Teaching emotions to kids can have a lot of benefits. My boys had fun with their LEGO emotions activities, so we created our own activity using balloons.
The other day at church we had the kids stay in nursery while we had choir practice. There was a baby shower going on at the same time and when it was over they gave my boys some of the leftover balloons.
Let me tell you, my boys love emojis ever since they got some plush ones in their kids’ meals. For a couple of days, I walked past these balloons trying to ignore them (truth be told, I am not a big fan of balloons…don’t ask me why because it’s irrational.).
One of the balloons was missing part of the string, so my son decided to secure it between some LEGO bricks so it wouldn’t float away (clever kiddo) and he set it on the counter. As I was walking by this time, I saw a face. No, no. I did not actually see a face or think it was alive or anything, but it looked just like their plush emojis so I imagined a smiley face on the big, yellow balloon.
Originally I had planned to just draw a bunch of silly faces, but I started examining the balloons all better and noticed that the primary colors are absolutely perfect for the main emotions: happy, sad, and angry.
I then began drawing the faces onto the balloons. They may not look exactly like emojis on your phone, but I decided to go with something simple. You can always use paint markers or construction paper to make them look more detailed. I was going to draw different versions on the back, but decided to go with words instead…glad, sad, and mad.
These are a great teaching tool on many levels and can teach a variety of lessons:
Words to Describe Emotions
Colors to Describe Emotions
I stuck with the primary colors, since that is what we were given. I used the most popular emotions of happy, sad, and mad and had the kids identify which face showed which emotion. We then discussed which emotion we were feeling at the moment (it was unanimously “glad.”). These can also be used when kids are exerting other emotions that may need to be corrected (talk to them if they are mad or sad then move onto problem solving and see if you can come up with a solution together.).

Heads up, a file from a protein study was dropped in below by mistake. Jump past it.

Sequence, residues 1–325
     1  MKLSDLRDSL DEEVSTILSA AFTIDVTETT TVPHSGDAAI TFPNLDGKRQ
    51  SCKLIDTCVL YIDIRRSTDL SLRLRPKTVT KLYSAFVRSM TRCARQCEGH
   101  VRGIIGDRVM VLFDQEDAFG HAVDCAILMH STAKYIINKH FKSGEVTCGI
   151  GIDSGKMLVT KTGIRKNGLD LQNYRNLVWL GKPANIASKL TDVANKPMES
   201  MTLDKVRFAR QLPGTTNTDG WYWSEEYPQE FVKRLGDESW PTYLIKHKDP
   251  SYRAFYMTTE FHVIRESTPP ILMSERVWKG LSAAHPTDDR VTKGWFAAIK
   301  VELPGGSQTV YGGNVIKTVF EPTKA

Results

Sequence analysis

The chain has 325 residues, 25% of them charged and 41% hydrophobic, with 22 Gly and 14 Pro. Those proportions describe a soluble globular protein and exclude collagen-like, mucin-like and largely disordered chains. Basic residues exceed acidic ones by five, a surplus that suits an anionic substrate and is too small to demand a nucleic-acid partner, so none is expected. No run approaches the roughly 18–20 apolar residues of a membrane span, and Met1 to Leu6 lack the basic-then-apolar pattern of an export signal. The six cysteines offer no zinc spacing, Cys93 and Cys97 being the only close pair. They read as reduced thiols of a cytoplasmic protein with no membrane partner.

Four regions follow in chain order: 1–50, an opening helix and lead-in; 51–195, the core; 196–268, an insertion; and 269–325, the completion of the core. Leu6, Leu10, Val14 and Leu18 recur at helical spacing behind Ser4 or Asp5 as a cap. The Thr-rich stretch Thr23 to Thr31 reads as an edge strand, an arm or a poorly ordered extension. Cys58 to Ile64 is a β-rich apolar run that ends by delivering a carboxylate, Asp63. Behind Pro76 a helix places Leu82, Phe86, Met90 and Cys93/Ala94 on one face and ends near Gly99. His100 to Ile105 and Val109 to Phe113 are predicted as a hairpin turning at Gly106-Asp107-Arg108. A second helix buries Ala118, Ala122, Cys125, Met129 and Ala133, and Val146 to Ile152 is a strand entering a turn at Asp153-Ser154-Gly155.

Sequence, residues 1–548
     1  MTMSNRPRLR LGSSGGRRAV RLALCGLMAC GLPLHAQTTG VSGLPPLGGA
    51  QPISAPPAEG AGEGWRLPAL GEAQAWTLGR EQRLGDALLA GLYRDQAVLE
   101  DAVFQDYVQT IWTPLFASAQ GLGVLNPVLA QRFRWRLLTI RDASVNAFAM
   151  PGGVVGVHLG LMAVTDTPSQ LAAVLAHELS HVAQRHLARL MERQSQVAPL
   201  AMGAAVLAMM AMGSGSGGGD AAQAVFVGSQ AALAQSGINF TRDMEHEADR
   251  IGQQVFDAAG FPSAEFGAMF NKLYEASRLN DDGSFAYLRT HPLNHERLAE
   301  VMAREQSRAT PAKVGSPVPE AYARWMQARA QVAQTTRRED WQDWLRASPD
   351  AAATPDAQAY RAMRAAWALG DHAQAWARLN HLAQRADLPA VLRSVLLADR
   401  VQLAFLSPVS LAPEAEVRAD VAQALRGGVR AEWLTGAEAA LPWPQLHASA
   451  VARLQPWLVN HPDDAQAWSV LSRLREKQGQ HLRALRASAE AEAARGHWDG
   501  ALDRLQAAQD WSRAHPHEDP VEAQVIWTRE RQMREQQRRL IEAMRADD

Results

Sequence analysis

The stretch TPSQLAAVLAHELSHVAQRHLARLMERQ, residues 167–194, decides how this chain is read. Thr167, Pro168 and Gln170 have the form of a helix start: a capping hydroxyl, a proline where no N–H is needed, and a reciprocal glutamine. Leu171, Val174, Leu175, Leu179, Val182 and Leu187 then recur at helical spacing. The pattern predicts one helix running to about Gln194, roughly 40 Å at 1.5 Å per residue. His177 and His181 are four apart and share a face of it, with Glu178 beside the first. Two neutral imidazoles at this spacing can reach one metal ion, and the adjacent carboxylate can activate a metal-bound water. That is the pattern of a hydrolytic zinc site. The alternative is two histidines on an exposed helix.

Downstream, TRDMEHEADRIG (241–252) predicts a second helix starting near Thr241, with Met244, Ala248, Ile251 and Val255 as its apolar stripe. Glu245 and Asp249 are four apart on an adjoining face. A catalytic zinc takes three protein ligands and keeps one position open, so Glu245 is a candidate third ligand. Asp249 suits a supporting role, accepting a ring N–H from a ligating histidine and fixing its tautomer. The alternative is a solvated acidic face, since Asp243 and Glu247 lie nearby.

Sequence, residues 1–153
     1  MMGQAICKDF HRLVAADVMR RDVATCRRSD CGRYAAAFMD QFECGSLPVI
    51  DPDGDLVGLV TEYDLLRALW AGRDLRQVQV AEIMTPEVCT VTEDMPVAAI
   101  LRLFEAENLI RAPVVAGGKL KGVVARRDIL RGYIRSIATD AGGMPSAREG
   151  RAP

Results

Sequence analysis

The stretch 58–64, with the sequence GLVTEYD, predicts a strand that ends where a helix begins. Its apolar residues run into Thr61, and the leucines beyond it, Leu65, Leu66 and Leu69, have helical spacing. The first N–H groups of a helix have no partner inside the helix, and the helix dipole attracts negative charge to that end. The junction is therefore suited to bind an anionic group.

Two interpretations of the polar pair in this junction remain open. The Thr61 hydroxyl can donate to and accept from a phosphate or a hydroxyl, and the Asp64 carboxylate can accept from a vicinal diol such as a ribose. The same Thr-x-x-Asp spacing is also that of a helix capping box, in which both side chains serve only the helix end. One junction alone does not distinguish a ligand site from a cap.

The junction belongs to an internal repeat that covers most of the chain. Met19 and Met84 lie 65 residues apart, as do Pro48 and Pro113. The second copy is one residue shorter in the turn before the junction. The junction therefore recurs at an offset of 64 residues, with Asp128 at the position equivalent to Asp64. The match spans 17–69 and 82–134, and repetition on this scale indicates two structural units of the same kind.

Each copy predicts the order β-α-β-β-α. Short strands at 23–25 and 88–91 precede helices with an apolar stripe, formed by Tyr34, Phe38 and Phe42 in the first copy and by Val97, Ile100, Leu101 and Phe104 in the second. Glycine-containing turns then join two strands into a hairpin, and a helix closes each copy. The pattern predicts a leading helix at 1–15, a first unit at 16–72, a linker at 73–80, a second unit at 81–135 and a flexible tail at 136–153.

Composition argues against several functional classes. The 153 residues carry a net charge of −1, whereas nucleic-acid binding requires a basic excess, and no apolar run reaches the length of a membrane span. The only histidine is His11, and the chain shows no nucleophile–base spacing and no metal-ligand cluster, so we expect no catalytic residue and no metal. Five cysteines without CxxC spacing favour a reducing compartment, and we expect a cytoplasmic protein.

We discussed reasons why these emotions might be present–originally the blue did not have a string, so the boys said that is why he was sad. We talked about ways the balloon could be happy rather than sad and decided that we should give him a string too, like the others. E wanted me to change the sad face to a happy face; while we didn’t do that, since these are mylar balloons, they should hold up to having some tape attacked, if you decide to make construction paper faces to correct the moods after a solution is reached.
We had a lot of fun with this part. First, my boys were both putting the balloons up to cover their faces from the camera, but I encouraged them to hold the balloon next to their heads and try to make the face that was on the balloon. My boys have a hard time with this, especially when they keep trying to giggle, but I think they did a pretty great job. We discussed the names of the expressions as well:
Smile = Glad
Frown/Scowl = Mad
Pout = Sad